First, the stock features a molded in butt plate. With the minimal recoil offered by rimfire cartridges that's not a problem, but it may be a problem if you want to shorten or lengthen the length-of-pull to better fit you or the intended user.

    Second, the front action screw on the B-Series rifles with synthetic stocks is captured, and the means by which it is captured can make it difficult to tell if/when the screw is properly engaging the threads in the action. The screw is pressed through the hole in the stock and has a bit of a friction fit. The threaded portion of the screw is fairly short, and just below the threaded section is a groove in quick an e-clip resides. The e-clip and screw serve as the mounting point for the plastic magazine retention block. Due to the press fit of the screw through the stock that friction between them makes it difficult to feel if the screw is engaging the action or not. I would like to see Savage update this by either enlarging the hole slightly to eliminate that friction, or by installing a metal pillar to accomplish the same.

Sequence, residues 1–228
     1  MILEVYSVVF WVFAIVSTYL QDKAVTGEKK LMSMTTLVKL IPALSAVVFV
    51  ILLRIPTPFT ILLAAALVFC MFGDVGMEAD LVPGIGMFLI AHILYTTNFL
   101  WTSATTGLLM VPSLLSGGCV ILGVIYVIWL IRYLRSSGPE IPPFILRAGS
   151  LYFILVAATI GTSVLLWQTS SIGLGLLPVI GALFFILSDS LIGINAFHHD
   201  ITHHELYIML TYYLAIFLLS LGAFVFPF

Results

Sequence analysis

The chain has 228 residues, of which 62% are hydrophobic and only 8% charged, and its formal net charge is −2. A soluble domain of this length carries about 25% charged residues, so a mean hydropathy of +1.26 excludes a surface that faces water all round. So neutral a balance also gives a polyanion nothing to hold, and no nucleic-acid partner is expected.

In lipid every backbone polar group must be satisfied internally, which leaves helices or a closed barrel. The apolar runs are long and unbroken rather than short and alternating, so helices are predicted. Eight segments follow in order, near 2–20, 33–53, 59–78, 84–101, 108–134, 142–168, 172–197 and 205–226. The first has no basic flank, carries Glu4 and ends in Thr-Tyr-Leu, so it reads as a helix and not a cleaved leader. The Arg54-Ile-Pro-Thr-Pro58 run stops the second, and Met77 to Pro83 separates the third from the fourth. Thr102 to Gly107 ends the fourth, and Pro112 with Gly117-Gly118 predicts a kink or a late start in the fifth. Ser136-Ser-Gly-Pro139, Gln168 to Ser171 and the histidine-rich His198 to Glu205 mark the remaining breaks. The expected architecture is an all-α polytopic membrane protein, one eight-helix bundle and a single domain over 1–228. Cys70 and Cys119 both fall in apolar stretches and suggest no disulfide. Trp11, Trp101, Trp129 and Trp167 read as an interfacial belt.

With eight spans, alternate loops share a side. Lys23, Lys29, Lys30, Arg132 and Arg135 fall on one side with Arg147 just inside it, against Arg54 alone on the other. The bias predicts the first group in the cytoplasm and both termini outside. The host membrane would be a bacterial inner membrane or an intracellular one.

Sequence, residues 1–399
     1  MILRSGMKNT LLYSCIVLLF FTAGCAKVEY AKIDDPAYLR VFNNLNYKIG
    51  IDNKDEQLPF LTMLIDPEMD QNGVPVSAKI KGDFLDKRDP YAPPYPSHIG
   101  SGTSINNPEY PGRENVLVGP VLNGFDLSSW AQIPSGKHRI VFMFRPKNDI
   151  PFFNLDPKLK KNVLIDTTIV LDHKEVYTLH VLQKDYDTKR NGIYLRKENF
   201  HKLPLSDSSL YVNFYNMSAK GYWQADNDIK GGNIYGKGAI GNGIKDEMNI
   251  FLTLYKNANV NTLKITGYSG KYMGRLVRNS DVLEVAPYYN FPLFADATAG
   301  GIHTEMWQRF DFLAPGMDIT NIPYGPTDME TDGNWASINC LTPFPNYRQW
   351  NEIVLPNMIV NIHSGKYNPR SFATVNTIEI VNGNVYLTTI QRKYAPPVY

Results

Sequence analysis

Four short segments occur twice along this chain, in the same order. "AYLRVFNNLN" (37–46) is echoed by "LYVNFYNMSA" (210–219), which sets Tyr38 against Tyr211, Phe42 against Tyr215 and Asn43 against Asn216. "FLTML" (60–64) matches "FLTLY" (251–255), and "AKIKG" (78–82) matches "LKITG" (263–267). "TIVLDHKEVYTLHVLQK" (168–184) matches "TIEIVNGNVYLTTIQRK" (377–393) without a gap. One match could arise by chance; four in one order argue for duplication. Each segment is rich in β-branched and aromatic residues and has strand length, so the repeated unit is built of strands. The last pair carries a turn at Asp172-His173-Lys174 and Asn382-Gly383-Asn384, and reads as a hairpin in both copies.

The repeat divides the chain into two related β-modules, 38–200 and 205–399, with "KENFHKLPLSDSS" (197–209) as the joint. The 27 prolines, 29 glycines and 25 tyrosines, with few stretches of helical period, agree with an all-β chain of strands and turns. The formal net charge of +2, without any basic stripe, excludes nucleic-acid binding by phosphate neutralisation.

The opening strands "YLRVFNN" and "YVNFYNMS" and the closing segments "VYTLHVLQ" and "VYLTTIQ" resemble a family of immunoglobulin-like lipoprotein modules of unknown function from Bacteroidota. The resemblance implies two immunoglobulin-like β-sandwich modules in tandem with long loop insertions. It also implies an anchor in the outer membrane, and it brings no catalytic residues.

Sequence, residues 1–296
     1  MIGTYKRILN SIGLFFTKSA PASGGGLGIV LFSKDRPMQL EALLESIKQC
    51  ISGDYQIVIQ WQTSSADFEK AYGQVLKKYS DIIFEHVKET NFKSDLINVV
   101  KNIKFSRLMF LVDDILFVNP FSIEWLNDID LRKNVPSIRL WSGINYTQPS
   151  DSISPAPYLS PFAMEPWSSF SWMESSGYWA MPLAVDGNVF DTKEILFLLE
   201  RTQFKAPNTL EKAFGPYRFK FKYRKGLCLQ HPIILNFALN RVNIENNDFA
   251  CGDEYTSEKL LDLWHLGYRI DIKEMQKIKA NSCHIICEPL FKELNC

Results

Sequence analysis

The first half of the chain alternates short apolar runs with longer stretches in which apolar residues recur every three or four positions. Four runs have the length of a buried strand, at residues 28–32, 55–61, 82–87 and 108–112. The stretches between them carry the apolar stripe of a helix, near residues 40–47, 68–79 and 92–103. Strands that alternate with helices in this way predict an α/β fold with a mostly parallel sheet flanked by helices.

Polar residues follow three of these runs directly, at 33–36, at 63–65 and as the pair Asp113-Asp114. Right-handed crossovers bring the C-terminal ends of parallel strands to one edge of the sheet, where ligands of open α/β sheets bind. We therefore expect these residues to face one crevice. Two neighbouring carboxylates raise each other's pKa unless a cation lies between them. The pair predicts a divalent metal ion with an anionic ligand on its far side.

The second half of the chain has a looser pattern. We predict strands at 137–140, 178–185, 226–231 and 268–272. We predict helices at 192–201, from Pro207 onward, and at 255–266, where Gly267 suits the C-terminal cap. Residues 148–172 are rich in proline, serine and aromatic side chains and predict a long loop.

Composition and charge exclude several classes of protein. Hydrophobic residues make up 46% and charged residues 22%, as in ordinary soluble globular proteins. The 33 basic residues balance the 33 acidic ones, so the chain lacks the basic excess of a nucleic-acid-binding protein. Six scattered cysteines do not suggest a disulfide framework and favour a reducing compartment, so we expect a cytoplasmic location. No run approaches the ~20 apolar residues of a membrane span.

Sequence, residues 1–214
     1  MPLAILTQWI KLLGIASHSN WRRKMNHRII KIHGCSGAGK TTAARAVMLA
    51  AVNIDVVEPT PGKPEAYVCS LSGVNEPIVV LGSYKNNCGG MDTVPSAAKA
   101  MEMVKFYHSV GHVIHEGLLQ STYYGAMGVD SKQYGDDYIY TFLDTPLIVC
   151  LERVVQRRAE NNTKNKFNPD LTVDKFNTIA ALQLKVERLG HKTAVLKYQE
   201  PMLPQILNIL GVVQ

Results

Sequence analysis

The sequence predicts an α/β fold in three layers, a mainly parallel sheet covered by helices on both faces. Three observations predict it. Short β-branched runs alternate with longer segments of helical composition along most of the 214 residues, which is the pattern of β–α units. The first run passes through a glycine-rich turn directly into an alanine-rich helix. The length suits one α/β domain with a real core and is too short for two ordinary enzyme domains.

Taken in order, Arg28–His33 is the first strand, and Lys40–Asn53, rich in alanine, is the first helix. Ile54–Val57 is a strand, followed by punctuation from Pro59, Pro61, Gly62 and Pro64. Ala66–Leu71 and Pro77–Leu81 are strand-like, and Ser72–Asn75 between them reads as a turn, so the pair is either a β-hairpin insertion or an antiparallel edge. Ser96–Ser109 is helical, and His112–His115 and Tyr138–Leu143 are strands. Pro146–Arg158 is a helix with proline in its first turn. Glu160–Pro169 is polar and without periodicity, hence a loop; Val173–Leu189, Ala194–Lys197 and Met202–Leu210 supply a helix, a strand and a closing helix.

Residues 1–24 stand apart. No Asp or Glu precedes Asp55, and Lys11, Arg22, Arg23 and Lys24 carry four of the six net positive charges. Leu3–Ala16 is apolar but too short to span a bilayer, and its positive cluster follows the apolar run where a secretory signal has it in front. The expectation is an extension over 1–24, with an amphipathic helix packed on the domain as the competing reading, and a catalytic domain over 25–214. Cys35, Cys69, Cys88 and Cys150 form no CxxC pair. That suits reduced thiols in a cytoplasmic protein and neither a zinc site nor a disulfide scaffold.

Third, like the butt plate the trigger guard is molded integral to the stock. Not a big issue, but should you ever wish to upgrade to an aftermarket stock you will need to also purchase a trigger guard to go with it..

    Aside from those three little things there really isn't anything I can fault on Savage's new B17 FV-SR Overwatch. The accuracy is definitely there with the barrel's preferred ammunition and it's mechanically sound. The $409 MSRP price is quite reasonable, though probably a bit higher than many entry level rimfire rifles which does hurt it a little. The B17 FV-SR isn't an entry-level rifle though, it's a well featured rimfire with the accuracy to back it up and a compact package that offers lots of versatility.



    Special thanks to Savage Arms for loan of this rifle for testing, and to Federal Premium for supplying some of the ammunition using during our testing of this rifle.